Trace Creek Baptist Church Pastor Ronnie Stinson said it was encouraging to watch church members become more intentional as they went out in big numbers with the gospel in hand as part of the Gospel to Every Home initiative two weeks ago as part of the annual Mission Week activities.
As a door opener, they also gave a 2-liter bottle of Sun Drop — a west Kentucky favorite — and a voucher for a pizza with them.
“Who doesn’t like pizza?” Stinson said. “I think it gave us an ear with a few people.”
Stinson said they partnered with a local Little Caesar’s for the vouchers and then settled with them over the ones that were cashed in later.
They made the launch a festive time too by grilling some hamburgers before dividing up into teams and heading out through the neighborhoods. Monica Rogers, a ministry assistant, did much of the leg work in making maps and directions readily available, he said. Groups met in the morning and the afternoons and visited 20 to 25 homes per session.
Every year, Trace Creek Baptist Church sets aside the third week in July for mission work.
The Gospel to Every Home — the popular initiative of the Kentucky Baptist Convention — became part of that this time. Stinson, a strong evangelistic pastor, mobilized his church and in four days multiple teams covered 1,200 homes with the gospel.
The results are still streaming in, but it has brought a fresh awareness to some of the need for evangelism within their community.
“Our people did well, they enjoyed it,” Stinson said. “They enjoyed the fellowship part of it. We knocked on a lot of doors, had prayer with a lot of people. We’ve had a few couples who are coming (because of the visits) and I think we still may have some more.”
He said one of his members came to him with a burden she had for someone she had visited. He said she was going back with another church member to revisit him with the hope that they can lead him to Jesus. Without Gospel to Every Home, they may have never thought about him, she said.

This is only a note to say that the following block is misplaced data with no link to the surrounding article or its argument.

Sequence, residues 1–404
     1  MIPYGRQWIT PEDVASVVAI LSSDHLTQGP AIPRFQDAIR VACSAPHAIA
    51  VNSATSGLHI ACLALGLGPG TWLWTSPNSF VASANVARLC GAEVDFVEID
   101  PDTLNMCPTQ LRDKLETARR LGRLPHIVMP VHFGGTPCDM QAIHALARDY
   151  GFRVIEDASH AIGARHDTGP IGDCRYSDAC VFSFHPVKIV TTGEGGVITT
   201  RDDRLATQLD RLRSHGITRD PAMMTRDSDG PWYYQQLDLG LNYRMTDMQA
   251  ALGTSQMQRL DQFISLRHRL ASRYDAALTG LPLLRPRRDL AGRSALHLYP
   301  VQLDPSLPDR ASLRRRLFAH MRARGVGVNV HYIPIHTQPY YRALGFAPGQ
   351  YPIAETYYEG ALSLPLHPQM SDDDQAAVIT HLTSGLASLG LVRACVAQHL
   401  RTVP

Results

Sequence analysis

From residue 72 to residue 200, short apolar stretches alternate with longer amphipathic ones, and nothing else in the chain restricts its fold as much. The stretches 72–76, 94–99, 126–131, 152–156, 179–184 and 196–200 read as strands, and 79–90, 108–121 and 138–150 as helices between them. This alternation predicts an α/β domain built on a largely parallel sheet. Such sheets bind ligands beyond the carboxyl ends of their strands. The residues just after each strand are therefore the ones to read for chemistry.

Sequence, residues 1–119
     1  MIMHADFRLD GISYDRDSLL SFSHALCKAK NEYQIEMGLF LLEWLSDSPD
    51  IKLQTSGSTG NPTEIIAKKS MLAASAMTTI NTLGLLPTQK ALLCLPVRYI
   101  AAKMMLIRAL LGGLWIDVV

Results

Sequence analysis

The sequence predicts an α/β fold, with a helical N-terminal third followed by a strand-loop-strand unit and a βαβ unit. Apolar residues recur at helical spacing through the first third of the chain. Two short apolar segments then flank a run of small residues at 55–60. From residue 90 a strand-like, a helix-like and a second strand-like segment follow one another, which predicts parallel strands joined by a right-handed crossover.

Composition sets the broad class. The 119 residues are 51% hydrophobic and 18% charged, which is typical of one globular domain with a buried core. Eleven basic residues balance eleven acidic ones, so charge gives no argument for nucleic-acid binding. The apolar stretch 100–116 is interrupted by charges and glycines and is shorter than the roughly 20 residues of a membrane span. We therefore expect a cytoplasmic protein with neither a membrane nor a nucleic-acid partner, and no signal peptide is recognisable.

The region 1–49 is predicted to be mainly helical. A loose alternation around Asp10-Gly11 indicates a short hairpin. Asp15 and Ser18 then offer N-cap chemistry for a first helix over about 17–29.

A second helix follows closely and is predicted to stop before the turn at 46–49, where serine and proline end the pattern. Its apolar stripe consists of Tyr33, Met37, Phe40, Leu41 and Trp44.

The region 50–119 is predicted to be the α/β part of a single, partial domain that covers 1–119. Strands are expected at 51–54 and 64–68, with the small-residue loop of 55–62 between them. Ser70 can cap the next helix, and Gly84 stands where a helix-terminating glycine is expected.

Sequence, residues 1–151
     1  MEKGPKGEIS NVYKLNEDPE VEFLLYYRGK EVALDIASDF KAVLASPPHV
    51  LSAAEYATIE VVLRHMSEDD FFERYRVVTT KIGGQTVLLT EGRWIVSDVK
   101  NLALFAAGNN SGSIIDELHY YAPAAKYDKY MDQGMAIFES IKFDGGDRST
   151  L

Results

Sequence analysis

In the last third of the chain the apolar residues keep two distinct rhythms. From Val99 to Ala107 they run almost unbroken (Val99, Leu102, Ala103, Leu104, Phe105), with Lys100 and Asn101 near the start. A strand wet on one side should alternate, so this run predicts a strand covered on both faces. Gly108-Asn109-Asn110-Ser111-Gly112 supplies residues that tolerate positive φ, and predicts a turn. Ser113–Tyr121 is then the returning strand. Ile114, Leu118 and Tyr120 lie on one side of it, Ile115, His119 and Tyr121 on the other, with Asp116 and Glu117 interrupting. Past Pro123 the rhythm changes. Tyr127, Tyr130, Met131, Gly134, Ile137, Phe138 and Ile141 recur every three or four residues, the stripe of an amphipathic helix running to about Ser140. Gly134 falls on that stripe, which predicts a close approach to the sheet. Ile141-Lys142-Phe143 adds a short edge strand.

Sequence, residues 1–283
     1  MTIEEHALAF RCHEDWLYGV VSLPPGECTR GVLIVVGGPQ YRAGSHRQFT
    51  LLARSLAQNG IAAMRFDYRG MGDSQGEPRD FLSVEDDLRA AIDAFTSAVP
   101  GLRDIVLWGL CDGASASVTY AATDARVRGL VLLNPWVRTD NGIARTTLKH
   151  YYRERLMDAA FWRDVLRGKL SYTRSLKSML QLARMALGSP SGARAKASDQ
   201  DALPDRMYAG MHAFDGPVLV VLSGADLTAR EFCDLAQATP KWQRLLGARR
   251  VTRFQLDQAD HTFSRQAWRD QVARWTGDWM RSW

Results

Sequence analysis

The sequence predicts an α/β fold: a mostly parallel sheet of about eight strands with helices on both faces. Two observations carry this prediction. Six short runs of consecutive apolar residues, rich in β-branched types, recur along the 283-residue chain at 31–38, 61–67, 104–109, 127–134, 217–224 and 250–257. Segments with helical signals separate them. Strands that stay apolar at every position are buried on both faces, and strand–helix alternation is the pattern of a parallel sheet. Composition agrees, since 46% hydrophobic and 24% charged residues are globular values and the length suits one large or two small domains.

“It’s been a good season for her,” Stinson said. “We’ve had some (evangelism) classes like 3 Circles that’s so good and a few others.”
Stinson said Ian Carrico, a former western Kentucky pastor and now a church evangelism associate with the KBC, modeled the example of door-to-door evangelism. He said the Gospel to Every Home initiative demonstrates how door-to-door evangelism works even during a season of COVID.
“I think people needed to see it’s a reality,” he said. “I think COVID probably was our friend, that people might be little more open to personal interaction because we were without it for so long.”
Stinson said Trace Creek has been a church that steps up to challenges and that proved to be the case again with Gospel to Every Home. “As a pastor, you want everybody to participate, and we didn’t have that, but we had a lot,” he said. “I was proud of the church. It was a good week to watch them go out and share the gospel.”
Stinson said there are some who feel gifted in that area, but many are apprehensive about knocking on doors not knowing what’s on the other side. “I admire those people (who went out),” he said. “I was encouraged by seeing some kids go with their families. Maybe we can raise up some kids to be exposed to that and they won’t be intimidated.”
Stinson said what his members found as they went into the neighborhoods were more people eager and willing to share prayer requests and listen as they shared the gospel than those who were rude and not open to listening. In other words, their fears weren’t realized.
“That’s how the devil operates in most things in our life,” he said. “The gospel overcomes our fears.”